“I think a lot of people just really don’t understand why we are (taking the precautions) we are,” said Esposito. “It’s really about trying to protect those people (whose bodies) can’t protect them.”
“That’s probably my greatest fear (about reopening) ... that people are going to set us back,” she continued. “My fear is people are going to be sick and go someplace and sneeze and set us back after all the hard work we’ve done.”
While Esposito was obviously worried about the spread of the virus, others were beginning to worry more about the impact of prolonged lockdowns on local businesses. That seemed to come to a head towards the end of the month, when Gov. Ned Lamont, in what amounted to an 11th-hour decision, decided to delay the reopening of hair salons throughout the state, for fear over their ability to resume operations safely. As several owners of local establishments here in Cheshire explained to The Herald for a May 28 article, the move felt like a “slap in the face”:
The decision, which came only two days before many salons were set to reopen, has now left them scrambling to figure out what to do next.
“I feel like what Lamont did was just so disrespectful to our industry, ” said Patty Brokaw of Cappola-Brokaw Art of Hair on Elm Street. “It’s a big slap in the face to those of us who are ready and took the time to make all the necessary changes so that it is safe to operate.”
The announcement took many local salons by surprise, having been preparing for the May 20 reopen date for a while. In an effort to support the local businesses, the Cheshire Chamber of Commerce released a statement saying they “are concerned about the recovery of our economy and the health and wellbeing of our community during this unprecedented time.”
“On Tuesday morning, I had an all-staff meeting with my stylists so we could all make sure we were on the same page in terms of protocols and training,” Brokaw explained. “And then, minutes later, (Lamont) made the announcement.”
As The Herald’s editorial that week explained, such last-minute decisions, even when done in the name of caution and safety, could have profound consequences. It would become a theme throughout the course of the pandemic:
It’s understandable that both leaders and public health officials want to be as cautious as possible in reopening the state. No one wants to see the number of people hospitalized or dying due to COVID-19 begin to rise again, not after so much has been sacrificed over the last few weeks to help move those numbers in the right direction. No one wants to unnecessarily put people’s lives at risk.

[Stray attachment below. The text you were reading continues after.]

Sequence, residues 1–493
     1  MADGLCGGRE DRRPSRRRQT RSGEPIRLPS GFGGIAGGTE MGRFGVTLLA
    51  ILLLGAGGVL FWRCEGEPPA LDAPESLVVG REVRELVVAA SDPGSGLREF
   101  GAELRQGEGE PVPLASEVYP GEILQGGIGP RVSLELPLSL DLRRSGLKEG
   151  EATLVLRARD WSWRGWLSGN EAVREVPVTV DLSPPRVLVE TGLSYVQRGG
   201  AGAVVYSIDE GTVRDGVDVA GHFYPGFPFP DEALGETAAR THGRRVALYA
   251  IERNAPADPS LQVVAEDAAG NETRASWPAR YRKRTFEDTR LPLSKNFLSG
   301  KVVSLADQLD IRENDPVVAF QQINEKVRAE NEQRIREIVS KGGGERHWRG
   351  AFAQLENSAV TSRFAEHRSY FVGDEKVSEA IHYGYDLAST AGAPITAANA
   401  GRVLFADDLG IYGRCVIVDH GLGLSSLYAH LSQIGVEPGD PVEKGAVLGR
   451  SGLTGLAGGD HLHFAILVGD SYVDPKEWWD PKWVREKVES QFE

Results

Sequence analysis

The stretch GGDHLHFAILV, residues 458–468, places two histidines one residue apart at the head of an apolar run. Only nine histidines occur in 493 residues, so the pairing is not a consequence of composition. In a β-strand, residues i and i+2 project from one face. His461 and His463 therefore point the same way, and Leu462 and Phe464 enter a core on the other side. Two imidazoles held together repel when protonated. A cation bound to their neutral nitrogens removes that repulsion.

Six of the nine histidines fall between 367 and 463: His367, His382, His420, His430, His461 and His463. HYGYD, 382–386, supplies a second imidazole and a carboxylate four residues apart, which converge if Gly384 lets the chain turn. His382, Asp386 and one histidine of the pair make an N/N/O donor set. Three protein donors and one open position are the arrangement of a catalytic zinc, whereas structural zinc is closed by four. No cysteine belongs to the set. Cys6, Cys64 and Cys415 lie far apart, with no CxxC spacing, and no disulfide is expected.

Yet, an overabundance of caution, even if warranted, has real and profound impact. It’s not simply inconvenient for local hair salons to remain closed; it could potentially put their businesses in jeopardy.
It’s also incumbent on leaders to better explain such consequential decisions. Lamont simply suggesting that he thought it was time “take a step back” probably wasn’t enough to assuage the concerns of business owners.
But perhaps it was another piece of advice, offered in the May 21 edition of the paper, that continues to ring true — a need to confront our invisible enemy with caution and courage:
As Connecticut begins its phased-in approach to reopening this week, with it comes a certain level of risk. The disease that forced us all into our homes is still out there, and it will be for some time. While hope remains for a vaccine or anti-viral drugs to treat the illness, none exist at the moment and there are no guarantees that they will arrive.
There are many illnesses in this world, and not all of them come with a vaccine.
That means, for anywhere from a few weeks to a few years, we are going to have to try and figure out a way to live in a world where the virus is a reality. We are going to have to show a bit of courage as we get back into our normal lives. We are going to have to be brave.
Of course, the vaccines did arrive, and in record time. And now we find ourselves in May of 2021, just having entered the end stage of this pandemic, with mandates being lifted and restrictions rolled back.
We still live in a world where this disease exists. We still live in a world where precautions are necessary. But in looking back for a moment at what the world looked like 12 short months ago, it’s important to recognize just how much progress has been made, and despite many mistakes and missteps along the way, how successful this town, state and country has been at fighting back this terrible and deadly disease.
In May of 2020, the question was whether we could open the door to our normal lives even a crack without risking too much. Now, the question is about when and how to throw that door wide open.
COVID-19 is not behind us just yet, but efforts over the last year have ensured that the virus is very much being pushed to the side. That has made for a much more joyful, and hopeful, May than the one we confronted one year ago.